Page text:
The Dodge brand has an image that’s somewhat unique in the industry, its adrenaline-inducing American muscle cars becoming an increasingly rare species in the automotive eco-system. It’s clear, however, that the current way of doing things is on borrowed time. The combustion engine’s hegemony is coming to an end, and electrification in its different forms is going to take up an ever-larger place in the vehicles we drive around in.
We’d already heard from FCA (Fiat Chrysler Automobiles) that it plans to step ahead efforts in the domain of electrification in the next 12 to 18 months. And Dodge is part of its plan.
"I think the absolute future is electrification of these cars. That's not necessarily bad. It could be [battery electric], it could be [plug-in hybrid], it could be regular hybrid, could be e-axles, any one of the number of electric technologies. But I am a firm believer that electrification will be the key to high performance in the future."
- Tim Kuniskis, head of passenger cars for FCA, speaking to Automotive News
This came immediately after the reveal last week of the Widebody versions of the new Dodge Charger, and it confirms earlier comments by sources who said that that the Challenger Hellcat was going to incorporate some form of electric technology.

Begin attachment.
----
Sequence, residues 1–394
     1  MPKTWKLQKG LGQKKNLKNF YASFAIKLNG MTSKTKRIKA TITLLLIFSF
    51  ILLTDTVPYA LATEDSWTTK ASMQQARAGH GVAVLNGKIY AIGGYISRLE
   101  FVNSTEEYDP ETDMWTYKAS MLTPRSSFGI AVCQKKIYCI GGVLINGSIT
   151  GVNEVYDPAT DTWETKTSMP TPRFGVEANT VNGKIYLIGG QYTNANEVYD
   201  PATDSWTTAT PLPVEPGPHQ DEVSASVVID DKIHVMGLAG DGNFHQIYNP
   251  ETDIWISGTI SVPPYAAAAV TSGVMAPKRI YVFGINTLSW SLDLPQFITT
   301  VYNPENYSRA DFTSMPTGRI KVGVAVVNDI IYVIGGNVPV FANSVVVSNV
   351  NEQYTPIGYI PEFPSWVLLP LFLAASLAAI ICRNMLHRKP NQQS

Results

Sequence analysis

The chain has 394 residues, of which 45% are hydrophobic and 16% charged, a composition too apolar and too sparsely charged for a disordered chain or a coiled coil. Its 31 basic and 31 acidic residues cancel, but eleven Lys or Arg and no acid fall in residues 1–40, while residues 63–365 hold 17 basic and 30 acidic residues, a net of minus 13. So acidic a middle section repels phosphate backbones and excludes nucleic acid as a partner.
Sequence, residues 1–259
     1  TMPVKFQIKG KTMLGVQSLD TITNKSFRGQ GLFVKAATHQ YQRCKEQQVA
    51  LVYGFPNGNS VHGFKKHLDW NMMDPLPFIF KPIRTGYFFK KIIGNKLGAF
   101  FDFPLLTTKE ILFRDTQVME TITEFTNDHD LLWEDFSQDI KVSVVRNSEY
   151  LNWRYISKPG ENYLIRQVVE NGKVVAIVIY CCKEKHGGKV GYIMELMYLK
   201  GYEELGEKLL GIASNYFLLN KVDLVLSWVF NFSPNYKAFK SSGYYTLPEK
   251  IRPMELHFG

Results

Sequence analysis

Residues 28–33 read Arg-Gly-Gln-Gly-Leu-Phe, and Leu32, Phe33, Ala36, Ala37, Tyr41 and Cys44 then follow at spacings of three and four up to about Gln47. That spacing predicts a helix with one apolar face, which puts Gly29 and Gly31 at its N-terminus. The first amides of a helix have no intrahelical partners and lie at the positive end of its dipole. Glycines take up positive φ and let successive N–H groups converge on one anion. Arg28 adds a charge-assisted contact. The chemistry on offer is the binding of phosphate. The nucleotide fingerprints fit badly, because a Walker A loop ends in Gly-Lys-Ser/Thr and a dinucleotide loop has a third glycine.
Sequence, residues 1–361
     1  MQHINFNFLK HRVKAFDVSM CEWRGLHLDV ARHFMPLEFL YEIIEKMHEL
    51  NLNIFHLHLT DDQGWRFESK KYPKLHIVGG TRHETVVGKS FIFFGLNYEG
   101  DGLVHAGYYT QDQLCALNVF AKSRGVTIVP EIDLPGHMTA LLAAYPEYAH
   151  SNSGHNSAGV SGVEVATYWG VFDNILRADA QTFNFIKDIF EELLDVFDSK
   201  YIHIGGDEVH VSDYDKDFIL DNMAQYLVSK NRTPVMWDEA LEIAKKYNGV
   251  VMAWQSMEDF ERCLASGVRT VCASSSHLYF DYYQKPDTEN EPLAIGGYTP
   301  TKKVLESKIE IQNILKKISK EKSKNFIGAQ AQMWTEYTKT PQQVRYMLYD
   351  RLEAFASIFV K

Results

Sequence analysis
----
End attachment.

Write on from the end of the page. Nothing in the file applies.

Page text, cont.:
For Dodge, as for all automakers, the catch is dealing with the costs related to the new technologies. Hence the recent negotiations with French auto group Renault regarding a possible merger.
Kuniskis added that “We don't have the price points of the batteries down to a place where, quite honestly, it's a mainstream proposition”. At the same time, he acknowledged that the next step up in terms of performance would require the use hybrid powertrains, citing as exampled the Porsche 918 Spyder, Acura NSX and Ferrari LaFerrari.
The executive also took pains to mention that although the addition of electric power would enhance performance, it would still be a challenge to get consumers to accept the new reality of electrification. In his view, that switch would be flipped once the new powertrains are affordable, maybe even more so than traditional combustion-engine ones.
What this adds up to is, don’t expect the current-generation Dodge Charger and Challenger to be produced as hybrids. But the next generation of each model certainly will, in some shape or form. Unofficial word is that it’s already being worked on.